Harriman Institute Alum Bruce Pannier, a student of the late Edward A. Allworth (1920-2016), publishes, "The Lasting Legacy of Central Asia's Writers: The Founding Fathers (Part 1)," a piece dedicated to Allworth. RFE/RL (December 30, 2017).
"'Few places on Earth have given literature the importance it has attained in Central Asia, where mighty and meek have for centuries composed, recited, listened to or read, and lived with the poetry which remained their constant companion.'
-- Professor Edward Allworth, Columbia University
Allworth was one of the leading authorities on Central Asia and one of his great passions was Central Asian literature. So, when he penned the above quote in his book Central Asia: A Century Of Russian Rule (the 1967 edition, it's been updated a couple of times since then), his assessment carried significant weight. His words still ring true, as the writers, poets, and bards of the region remain prominent today. In fact, anyone passing through any of the major cities and towns of Kazakhstan, Kyrgyzstan, Tajikistan, Turkmenistan, and Uzbekistan would become familiar with the names of local literary greats, great and small.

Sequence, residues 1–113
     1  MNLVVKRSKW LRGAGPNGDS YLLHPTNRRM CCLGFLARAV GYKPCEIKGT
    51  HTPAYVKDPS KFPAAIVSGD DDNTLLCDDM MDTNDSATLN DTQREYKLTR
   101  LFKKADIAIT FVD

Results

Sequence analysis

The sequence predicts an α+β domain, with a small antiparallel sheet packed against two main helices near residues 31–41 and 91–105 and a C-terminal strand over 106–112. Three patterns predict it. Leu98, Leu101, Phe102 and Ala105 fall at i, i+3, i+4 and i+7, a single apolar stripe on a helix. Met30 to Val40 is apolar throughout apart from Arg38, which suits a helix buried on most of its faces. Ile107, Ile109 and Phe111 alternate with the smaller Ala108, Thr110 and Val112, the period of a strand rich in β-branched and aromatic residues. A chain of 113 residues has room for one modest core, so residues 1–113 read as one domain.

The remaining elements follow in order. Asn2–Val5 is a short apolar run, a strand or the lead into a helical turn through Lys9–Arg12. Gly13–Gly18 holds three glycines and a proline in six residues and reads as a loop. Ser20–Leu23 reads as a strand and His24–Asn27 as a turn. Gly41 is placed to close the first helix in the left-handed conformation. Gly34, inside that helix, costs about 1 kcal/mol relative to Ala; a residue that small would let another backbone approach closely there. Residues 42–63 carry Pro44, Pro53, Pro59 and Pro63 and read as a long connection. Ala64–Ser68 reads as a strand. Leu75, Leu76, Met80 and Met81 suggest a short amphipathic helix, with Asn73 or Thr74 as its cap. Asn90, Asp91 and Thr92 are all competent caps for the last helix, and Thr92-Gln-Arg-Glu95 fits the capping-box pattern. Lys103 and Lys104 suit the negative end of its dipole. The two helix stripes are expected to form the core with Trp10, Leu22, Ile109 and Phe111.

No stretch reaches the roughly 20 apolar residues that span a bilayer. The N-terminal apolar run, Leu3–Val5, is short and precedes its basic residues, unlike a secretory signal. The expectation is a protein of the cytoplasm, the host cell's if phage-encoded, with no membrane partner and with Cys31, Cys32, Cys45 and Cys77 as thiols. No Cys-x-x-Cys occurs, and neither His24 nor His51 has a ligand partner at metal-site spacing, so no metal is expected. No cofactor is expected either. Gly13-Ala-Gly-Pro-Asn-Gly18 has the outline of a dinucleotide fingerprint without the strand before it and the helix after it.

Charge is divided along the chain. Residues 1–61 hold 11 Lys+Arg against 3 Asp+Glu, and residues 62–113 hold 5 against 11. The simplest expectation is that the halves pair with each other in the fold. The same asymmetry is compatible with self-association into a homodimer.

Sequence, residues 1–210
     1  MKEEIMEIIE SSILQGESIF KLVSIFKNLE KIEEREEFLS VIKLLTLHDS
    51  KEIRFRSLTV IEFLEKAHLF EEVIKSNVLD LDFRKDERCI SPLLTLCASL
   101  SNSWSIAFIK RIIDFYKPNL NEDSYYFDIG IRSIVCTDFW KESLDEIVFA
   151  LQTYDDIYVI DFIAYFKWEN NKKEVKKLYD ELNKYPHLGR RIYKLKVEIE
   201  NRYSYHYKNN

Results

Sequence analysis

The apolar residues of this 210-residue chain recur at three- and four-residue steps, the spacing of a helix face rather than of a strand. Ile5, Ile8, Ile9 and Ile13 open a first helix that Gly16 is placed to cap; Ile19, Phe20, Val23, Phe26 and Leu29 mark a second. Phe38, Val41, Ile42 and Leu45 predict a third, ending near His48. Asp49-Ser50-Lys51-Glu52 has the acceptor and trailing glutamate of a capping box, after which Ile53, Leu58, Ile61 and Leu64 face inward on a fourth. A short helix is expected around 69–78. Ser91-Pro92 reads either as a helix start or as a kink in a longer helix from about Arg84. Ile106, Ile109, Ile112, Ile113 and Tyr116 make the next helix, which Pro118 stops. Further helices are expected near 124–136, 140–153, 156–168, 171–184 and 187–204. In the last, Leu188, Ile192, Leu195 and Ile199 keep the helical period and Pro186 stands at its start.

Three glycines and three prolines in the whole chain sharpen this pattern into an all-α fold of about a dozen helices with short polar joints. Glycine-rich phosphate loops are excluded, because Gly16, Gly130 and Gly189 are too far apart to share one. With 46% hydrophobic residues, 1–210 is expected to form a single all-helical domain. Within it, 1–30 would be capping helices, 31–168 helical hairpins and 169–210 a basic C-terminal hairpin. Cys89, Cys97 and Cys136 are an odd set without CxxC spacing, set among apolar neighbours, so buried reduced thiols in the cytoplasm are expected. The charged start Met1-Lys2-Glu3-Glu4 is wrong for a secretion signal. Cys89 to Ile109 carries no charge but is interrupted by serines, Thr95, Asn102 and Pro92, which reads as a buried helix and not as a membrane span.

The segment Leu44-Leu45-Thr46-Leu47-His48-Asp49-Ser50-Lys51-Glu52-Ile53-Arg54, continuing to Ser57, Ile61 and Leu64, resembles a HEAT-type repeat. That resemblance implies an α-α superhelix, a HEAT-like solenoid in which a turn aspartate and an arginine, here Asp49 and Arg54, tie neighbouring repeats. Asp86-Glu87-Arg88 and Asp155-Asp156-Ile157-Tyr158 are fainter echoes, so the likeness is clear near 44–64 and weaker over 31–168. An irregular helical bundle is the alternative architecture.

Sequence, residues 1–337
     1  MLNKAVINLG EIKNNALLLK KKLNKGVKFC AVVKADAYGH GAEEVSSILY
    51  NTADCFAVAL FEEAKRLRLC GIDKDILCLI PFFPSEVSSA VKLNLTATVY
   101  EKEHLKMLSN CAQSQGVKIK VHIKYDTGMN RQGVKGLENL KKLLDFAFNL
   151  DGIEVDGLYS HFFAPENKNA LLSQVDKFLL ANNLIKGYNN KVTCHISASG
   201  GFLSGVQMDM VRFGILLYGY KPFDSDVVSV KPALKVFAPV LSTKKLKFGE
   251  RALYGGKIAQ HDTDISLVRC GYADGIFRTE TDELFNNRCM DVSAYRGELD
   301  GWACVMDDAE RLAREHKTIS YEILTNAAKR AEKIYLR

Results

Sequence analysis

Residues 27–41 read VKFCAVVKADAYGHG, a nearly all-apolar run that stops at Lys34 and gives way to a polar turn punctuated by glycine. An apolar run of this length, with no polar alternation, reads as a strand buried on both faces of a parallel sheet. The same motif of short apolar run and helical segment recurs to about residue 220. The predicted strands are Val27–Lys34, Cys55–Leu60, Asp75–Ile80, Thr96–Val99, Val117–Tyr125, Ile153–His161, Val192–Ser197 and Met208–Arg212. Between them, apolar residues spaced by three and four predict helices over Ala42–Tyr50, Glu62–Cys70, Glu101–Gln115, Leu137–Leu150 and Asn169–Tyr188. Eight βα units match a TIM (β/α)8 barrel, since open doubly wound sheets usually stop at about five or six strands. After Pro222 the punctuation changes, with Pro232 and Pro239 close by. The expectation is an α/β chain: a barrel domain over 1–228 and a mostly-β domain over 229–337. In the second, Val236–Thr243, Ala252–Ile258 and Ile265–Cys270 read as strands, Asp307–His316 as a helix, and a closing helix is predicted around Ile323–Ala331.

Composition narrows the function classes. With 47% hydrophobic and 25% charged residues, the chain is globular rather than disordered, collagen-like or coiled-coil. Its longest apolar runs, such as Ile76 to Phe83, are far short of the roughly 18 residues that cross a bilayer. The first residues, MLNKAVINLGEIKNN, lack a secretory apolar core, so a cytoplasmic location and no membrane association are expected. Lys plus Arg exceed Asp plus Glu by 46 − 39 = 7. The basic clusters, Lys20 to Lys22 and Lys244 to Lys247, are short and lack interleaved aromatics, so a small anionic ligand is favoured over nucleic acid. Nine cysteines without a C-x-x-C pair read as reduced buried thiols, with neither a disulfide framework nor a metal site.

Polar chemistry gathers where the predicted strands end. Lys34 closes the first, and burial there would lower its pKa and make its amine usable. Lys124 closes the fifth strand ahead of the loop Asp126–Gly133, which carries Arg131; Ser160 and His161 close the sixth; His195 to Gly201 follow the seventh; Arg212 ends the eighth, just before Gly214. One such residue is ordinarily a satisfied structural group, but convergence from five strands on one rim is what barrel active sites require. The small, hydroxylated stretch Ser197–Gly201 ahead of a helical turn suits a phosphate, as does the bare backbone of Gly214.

During the time I was Allworth's student, I did not share his interest in Central Asian literature, which in hindsight I realize was a huge mistake. The Central Eurasian Studies Society conference in Seattle in October 2017 featured a panel devoted to, and honoring, Allworth. Some of his former students presented papers. I was one of them and, as a tribute to Allworth, I decided to do mine on Central Asia's writers and how they are remembered today. This piece essentially counts as my latest and/or last homework assignment for Allworth."
--Bruce Pannier (article intro)
More on Edward A. Allworth:
Pannier, Bruce, Edward Alworth: The Last of the Great Masters of Central Asian Studies, RFE/RL (October 25, 2016)
Tadjbakhsh, Sharbanou, "Remembering Edward Allworth," Eurasianet.org (October 27, 2017)